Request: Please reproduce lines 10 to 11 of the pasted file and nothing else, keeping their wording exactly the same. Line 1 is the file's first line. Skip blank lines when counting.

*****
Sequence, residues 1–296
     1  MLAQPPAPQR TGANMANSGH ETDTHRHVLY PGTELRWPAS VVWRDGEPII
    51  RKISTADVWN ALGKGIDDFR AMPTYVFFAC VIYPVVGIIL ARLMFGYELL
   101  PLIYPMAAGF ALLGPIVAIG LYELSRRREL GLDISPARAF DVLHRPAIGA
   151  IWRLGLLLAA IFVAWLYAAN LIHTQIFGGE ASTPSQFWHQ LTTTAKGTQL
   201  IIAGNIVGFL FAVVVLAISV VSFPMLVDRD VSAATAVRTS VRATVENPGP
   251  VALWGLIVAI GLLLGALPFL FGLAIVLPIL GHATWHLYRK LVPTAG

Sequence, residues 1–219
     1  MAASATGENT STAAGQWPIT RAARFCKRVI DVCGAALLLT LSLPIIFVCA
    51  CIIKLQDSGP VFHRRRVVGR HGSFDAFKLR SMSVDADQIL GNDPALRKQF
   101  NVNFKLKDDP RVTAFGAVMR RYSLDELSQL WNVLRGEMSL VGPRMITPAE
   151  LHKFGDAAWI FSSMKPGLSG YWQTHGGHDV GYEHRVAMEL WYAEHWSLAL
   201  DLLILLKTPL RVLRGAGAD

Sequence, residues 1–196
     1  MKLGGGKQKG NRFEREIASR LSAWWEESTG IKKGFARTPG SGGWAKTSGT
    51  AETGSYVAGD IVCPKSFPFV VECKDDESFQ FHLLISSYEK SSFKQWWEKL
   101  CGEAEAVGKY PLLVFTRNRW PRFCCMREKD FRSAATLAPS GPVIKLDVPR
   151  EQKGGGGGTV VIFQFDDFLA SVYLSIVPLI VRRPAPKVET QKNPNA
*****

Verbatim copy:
    51  CIIKLQDSGP VFHRRRVVGR HGSFDAFKLR SMSVDADQIL GNDPALRKQF
   101  NVNFKLKDDP RVTAFGAVMR RYSLDELSQL WNVLRGEMSL VGPRMITPAE